What we now know about the physics and architecture of RF communications contradicts the "property" model of spectrum.
Yet the entire tradition and practice of managing wireless communications technologies in the broadcast, communications, and telephony industries is firmly based on a legal "metaphor" that equates spectrum allocations with rights in physical property, such as land use rights. Since uncoordinated use of spectrum can lead to problems of interference, coordination of spectrum usage is known to be necessary. The "metaphor" of property rights has been used to structure that coordination by subdividing available capacity among users so that interference is avoided. This subdivision assumes that the available capacity that can be used with a given technology is fixed, so that the goal is to apportion the fixed capacity among the uses with the goal of optimizing overall societal benefit.
One example should suffice to show that this metaphor no longer works. In a nutshell, the problem is this. We now know that we can arrange for the capacity of a fixed amount of spectrum in a fixed volume of space to increase as the number of users increases.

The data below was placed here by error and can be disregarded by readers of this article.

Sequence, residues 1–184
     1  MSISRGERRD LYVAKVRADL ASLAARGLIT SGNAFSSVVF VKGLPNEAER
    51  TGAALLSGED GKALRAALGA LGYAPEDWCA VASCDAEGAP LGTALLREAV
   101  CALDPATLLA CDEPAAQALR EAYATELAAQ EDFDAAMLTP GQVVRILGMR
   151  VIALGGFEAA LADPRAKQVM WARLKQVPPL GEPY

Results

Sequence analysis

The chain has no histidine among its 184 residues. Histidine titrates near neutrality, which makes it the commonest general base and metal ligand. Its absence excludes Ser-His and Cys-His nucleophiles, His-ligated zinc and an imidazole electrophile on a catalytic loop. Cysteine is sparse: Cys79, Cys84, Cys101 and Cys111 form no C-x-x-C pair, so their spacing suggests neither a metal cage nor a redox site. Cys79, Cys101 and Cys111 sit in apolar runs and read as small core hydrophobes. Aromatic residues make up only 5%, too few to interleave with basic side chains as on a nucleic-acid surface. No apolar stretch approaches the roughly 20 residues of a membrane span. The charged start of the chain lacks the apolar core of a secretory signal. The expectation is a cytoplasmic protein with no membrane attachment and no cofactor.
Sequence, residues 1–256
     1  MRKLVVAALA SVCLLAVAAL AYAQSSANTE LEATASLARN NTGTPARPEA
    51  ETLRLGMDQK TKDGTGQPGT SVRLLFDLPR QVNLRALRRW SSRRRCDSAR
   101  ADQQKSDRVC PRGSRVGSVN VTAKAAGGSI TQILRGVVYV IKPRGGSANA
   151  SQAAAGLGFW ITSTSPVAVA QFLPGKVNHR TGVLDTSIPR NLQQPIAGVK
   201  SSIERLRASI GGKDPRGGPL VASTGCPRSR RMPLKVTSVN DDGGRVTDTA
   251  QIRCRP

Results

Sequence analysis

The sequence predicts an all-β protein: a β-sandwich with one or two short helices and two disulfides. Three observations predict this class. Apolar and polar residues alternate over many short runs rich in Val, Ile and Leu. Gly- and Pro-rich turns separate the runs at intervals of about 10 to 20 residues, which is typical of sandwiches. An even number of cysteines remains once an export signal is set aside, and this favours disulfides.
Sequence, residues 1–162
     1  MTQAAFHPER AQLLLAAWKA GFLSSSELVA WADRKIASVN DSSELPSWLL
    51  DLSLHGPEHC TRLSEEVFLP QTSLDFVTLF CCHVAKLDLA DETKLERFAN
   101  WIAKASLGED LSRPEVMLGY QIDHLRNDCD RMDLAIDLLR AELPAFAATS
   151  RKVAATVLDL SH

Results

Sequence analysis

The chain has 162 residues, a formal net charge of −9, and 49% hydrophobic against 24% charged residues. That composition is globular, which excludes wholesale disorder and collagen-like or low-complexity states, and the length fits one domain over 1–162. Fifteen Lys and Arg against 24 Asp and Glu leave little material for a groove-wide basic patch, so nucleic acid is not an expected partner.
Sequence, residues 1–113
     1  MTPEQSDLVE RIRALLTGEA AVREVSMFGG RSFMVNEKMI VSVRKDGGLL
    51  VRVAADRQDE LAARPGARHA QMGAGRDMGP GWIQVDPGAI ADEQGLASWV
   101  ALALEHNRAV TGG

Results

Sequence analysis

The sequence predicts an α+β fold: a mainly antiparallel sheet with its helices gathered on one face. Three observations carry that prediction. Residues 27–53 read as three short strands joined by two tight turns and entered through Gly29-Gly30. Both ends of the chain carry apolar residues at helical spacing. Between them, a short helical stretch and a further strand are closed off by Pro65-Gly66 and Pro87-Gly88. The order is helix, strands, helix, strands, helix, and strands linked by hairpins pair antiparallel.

Here's the example. Two independent research projects (Tim Shepard in his MIT Ph.D. thesis, and Gupta and Kumar of University of Illinois, Urbana-Champaign in a recent paper) have shown that the capacity of "spectrum" can be managed so that it increases with the number of users. The key idea is to organize the spectrum users into a cooperative network rather than an uncoordinated set of point-to-point channels. As the number of users N increases, the capacity can grow as N1/2 (the square root of N) in the architectures they suggest. Thus, the more users that make up the network, the more capacity the network can carry.
Further, I have good technical reasons to believe that future cooperative wireless network architectures can achieve a capacity that scales proportional to N. If that does turn out to be true, then adding each new user creates sufficient capacity to support that additional user. There's no strong proof that O(N) is the limit among all possible architectures.
In addition, the flexibility (quantified by the set of options created within a particular wireless network architecture - its "optionality") can grow more steeply than N - e.g. N2 for Metcalfe's Law that quantifies the growth of pairwise transaction options, and 2N according to my own (Reed's) law that describes the growth of options in group-forming networks. (See http://www.reed.com/gfn/ for more on scaling laws for option value in networks.) For many applications, flexibility of this sort is as important as capacity in defining the economic value for users, i.e. utility.
Since each of these scaling laws show that cooperative wireless networks can create more utility as the number of network users increase, then "spectrum" capacity for communications does not behave like any ordinary kind of property. We create markets to manage real property and other goods because that is an effective way to avoid "The tragedy of the commons" so well-described by Garrett Hardin in his essay by the same name.